That’s my take on it, based mostly on personal experience. I expect From a Mustard Seed to show up any day now, and there may be radically different recommendations there. But I feel strongly that if we get out of our intellectual cages, choose songs that lift up the heart, and let people know that they can and should sing, the music and the worship will get better fast.

About liberalreligiongetsloud

Contemporary Music and Worship Director (retired), First Unitarian, Albuquerque NM
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6 Responses to Singers wanted, apply within

  1. cindy says:

    I love this post!!

    I’m the volunteer music director of a small UU church (90 members). We play a variety of music in services–traditional hymns, folk, soft rock, pop, standards and (occasionally) classical.

    I sometimes feel troubled when I hear people talking about “quality” or “excellence” in relation to church music. It feels a little like a put-down at times. I want to let you know–the music at my church is imperfect. It might not meet some people’s high-minded standards of excellence. But our music program still blesses our congregation.

    I believe that any music, done with love and dedication, to the best of the abilities of the people at hand, will bless your small church congregation. And if the volunteers who are willing to make music practice regularly and focus on the strengths that they have, the music will get better over time.

    As a music director at a small church, you have to be flexible and creative. You can’t necessarily put together the ensemble you want, but you can look at what you have, and figure out what you can do with it. Then, just as it says in the post above, as the music gets better, more musicians want to get involved, and the music gets better.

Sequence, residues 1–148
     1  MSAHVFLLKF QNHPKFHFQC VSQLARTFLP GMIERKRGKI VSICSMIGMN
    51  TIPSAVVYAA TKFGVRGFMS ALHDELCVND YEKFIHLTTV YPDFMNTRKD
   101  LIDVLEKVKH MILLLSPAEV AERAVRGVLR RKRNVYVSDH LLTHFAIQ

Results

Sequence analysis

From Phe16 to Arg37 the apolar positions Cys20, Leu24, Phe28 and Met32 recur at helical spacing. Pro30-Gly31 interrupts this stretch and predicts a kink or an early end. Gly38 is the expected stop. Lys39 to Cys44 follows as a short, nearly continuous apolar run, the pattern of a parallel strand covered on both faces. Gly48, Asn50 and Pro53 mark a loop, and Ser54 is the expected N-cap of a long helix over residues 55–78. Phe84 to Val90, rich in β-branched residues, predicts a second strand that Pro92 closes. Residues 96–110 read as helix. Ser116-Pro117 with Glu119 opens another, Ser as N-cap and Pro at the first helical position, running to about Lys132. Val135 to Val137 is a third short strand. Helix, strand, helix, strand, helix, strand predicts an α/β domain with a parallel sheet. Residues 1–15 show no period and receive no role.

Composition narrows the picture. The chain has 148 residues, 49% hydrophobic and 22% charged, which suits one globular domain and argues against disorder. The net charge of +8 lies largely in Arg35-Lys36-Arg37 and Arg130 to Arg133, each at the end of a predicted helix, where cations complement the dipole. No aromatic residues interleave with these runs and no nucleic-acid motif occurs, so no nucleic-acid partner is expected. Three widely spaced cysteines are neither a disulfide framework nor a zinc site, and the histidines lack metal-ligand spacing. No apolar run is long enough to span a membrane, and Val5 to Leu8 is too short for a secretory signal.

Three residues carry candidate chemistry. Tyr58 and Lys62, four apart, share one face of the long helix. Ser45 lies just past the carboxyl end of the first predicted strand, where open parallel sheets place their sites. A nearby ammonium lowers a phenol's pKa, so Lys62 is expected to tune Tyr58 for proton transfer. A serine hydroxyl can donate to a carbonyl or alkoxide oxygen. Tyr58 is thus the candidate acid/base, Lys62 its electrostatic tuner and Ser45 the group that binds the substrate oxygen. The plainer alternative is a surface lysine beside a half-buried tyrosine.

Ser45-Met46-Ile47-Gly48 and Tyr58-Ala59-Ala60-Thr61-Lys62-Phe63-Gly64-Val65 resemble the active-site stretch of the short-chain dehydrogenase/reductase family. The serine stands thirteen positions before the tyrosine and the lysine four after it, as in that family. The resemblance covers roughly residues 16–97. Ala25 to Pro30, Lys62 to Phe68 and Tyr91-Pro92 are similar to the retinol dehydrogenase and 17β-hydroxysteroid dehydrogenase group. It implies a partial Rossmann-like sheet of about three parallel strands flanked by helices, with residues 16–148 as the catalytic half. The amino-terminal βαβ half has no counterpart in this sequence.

I strongly agree–limiting the selections of congregational hymns is the key to improving congregational singing. I was able to convince our minister to limit our congregational hymns to the 40 that the congregation already knew and sang half-way well. The congregational singing improved very quickly.

  2. Cindy, blessing the congregation with music is exactly what it’s all about! Actually, I revel in the little imperfections, because it lets the congregation know that we’re making music for and with them! It’s not a performance, it’s community in worship.

    BTW: those “hymns” in the “standard repertoire” don’t have to be from the gray hymnal, either. There are many in Singing the Journey that are worth checking out, and there are lots in the popular repertoire, as well.

    Here’s one we sang at an ordination last spring – awesome!
    Susan Werner – Help Somebody You could do this with a piano, a tambourine and some enthusiastic singing. If you happen to play bass, that would add a lot, too! (:-)

    Note: The issue with using pop songs is reproducing the words (and music?) for people to sing to. You need to have a legally purchased copy for everyone – no photocopies! If you’re projecting the words, one legal copy is sufficient, so if you’re already projecting, you’re good to go. If not, do the calculations and see whether it’s less expensive to just buy the sheet music.

  3. uuMomma says:

    Thank you! I just wrote about trying to come up with a worship service sans music director. I’ll be asking people to sing … giving them permission to sing. This really helps.

  4. Paul Oakley says:

    Thanks for this reply to my question!

    There are definitely hymns that should be reserved for soloists or choir. I did not know SLT #31 “Named Unnamed,” but I challenge anyone to show me a congregation who can do something meaningful from the pew with SLT #250 “purer than purest,” a lovely challenge of an e.e. cummings poem set to elegantly suitable 1950s Modern music by Vincent Ludwig Persichetti, Philip Glass and Thelonious Monk’s teacher at Juliard. I love it dearly. Anyone who would try it from the pew is either nuts or has balls the size of watermelons.